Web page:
1M Pfizer shots arrive; ‘hundreds’ of AstraZeneca jabs expired

Published December 1, 2021, 10:39 PM

by Martin Sadongdong

An additional 1,078,740 doses of Pfizer coronavirus disease (COVID-19) vaccine were delivered to the country on Wednesday night, Dec. 1.

Dr. Ted Herbosa, special adviser of the National Task Force Against COVID-19, faces the media during the arrival of 1,078,740 doses of Pfizer vaccine at NAIA Terminal 3 on Dec. 1, 2021. (Photo: NTF Against COVID-19)

The vaccines, which were procured by the government from the United States, arrived at Terminal 3 of Ninoy Aquino International Airport (NAIA) around 9 p.m. onboard Air Hong Kong flight LD456.

Out of the 40 million Pfizer shots purchased by the government this year, a total of 22,611,420 doses have been delivered so far. Another 20 million Pfizer doses were bought by the government for 2022.

Dr. Ted Herbosa, special adviser of the National Task Force (NTF) Against COVID-19, said the newly-delivered vaccines will be distributed equitably among the regions for the ongoing primary series vaccination (first two doses), pediatric inoculation, and booster shots.

Priority will be given to highly populated areas with cold storage freezers that can handle the vaccines, he stressed.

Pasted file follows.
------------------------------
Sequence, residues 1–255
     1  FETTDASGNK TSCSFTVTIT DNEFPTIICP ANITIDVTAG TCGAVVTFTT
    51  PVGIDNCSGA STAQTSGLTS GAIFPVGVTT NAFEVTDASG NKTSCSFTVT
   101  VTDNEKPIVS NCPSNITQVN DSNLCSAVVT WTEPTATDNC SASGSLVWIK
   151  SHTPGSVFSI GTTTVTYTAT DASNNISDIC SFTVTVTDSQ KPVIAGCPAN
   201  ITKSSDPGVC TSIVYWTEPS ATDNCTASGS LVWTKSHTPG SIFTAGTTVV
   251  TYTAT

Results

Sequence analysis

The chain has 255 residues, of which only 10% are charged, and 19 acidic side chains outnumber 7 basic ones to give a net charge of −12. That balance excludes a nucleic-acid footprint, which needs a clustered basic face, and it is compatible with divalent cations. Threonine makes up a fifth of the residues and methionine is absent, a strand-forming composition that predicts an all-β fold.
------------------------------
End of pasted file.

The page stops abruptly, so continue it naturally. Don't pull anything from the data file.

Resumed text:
“We’re now mapping very well. What we found out is that we need to map out the distribution of the vaccines because some areas need more, some areas need less. It’s very important [to know] what [vaccines] they have and what is the throughput of these areas,” Herbosa said.

However, the NTF adviser noted that local government units (LGUs) are being monitored by the National Vaccination Operations Center (NVOC) to ensure that no vaccines are getting spoiled.

This, after the reported expiration of a few hundred doses of AstraZeneca vaccine out of the total 1.5 million vaccine donations in late October.

“We received the donations [in] late October, I think AstraZeneca, but we consumed most of them. There are a few hundred doses that expired as of November 30 which was yesterday [Tuesday]. That’s the one that we are going to look into, the LGUs that weren’t able to inject that,” Herbosa revealed.

LGUs with record of vaccine spoilage or wastage will be issued a show cause order by the Department of the Interior and Local Government (DILG) so that local chief executives could explain their side.

If they could not justify the vaccine spoilage, Herbosa said local chief executives will be filed with administrative charges.

“That is a national government property and if they’ve been handling the vaccines for a long time we will check when it was delivered to them and why it expired,” he said.

“They will be asked to explain to the DILG why case would not be filed against them for wastage of government-procured, even government-donated… government-owned vaccines,” he concluded.

 
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